For example, ABBA's Arrival definitely sounds more "open" on vinyl than CD (actually, ripped to FLAC, fwiw), but the audio on CD sounds to me like it's been compressed to make it louder - which was a very 90s thing. On the other hand, I compared a recording of Haydn's Die Jahreszeiten on vinyl and via Spotify, and the streamed audio was slightly more detailed, although not by much. Indeed, one of the surprises to me was generally how good the vinyl sounds. I don't quite know why I was surprised by this, but I was.

But I am still going to do this, despite it being a faff, and despite there being no real difference in sound quality, and even despite finding that quite a few of the recordings are available on Spotify. It's not really the point. These albums belonged to my grandparents. They are literally irreplaceable. It's a way of connecting to them, and discovering a whole genre of music that I'm not very familiar with at the same time.

I don't have any structured way of selecting albums, since I don't actually know what I've got yet! I'm slowly adding to my collection on Discogs, and I will select each week from those I've already added to it. I'm giving each recording a week, because I know from experience that I have to live with unfamiliar music for a while so that it can sink in - and this applies double or triple to a genre like classical, which I don't really know at all.

The albums

  1. Joseph Haydn: Die Jahreszeiten (The Seasons)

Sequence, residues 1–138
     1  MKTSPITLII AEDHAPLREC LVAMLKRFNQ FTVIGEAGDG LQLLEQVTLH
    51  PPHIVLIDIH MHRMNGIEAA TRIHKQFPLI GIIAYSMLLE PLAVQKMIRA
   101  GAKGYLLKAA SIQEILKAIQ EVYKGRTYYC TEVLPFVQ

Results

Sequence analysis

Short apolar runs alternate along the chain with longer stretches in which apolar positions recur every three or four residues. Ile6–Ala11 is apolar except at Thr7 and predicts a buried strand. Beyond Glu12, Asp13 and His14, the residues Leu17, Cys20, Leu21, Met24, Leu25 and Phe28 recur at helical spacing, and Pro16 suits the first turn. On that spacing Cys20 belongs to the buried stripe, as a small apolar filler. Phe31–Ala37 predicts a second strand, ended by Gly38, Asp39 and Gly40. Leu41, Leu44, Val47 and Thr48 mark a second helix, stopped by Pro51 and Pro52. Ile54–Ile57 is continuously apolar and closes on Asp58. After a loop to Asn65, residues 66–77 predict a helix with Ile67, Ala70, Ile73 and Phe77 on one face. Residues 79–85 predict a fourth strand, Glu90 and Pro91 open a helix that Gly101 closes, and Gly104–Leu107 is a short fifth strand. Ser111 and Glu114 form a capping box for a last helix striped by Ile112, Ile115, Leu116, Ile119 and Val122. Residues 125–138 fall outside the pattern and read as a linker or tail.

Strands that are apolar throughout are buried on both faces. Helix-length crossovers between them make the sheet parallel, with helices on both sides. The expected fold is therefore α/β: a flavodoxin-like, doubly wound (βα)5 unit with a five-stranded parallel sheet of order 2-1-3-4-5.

• Chorus & Academy of St Martin-In-The-Fields, conducted by Neville Mariner (Philips, 1981)
  2. Franz Schubert: Rosamunde
    • Netherlands Radio Chorus, Concertgebouw Orchestra Amsterdam, conducted by Bernard Haitink (Philips, 1965)
  3. Wolfgang Amadeus Mozart: Trio In E Flat Major (K.498); Quintet In A Major (K.581)
    • Gervase de Peyer with members of the Melos Ensemble (His Master's Voice, 1964)
  4. Mendelssohn: Violin Concerto No. 1 (Op. 64); Bruch: Violin Concerto No. 1 (Op. 26)
    • Ruggiero Ricci With The London Symphony Orchestra, conducted by Pierino Gamba (Decca, 1958)
  5. Russian Rarities: Glière, Stravinsky, Cui, Gretchaninov
    • The London Symphony Orchestra and Osian Ellis (harp), Joan Sutherland (soprano), conducted by Richard Bonynge (Decca, year unknown)
  6. Cherubini: Requiem
    • New Philharmonia Orchestra with The Ambrosian Singers (directed by John McCarthy), conducted by Riccardo Muti (His Masters Voice, 1975)
  7. Stravinsky: Petrouchka / The Firebird
    • Chicago Symphony Orchestra, conducted by Carlo Maria Giulini (His Master's Voice, 1970)
  8. Beethoven: Piano Concerto No. 3 in C Minor (Op. 37)
    •  Scottish National Orchestra and John Lill (piano), conducted by Alexander Gibson (Classics For Pleasure, 1977)
  9. Haydn: Symphonies No. 99 & 100 (Military)
    • London Philharmonic Orchestra, conducted by Eugen Jochum (Deutsche Gramaphon, 1974)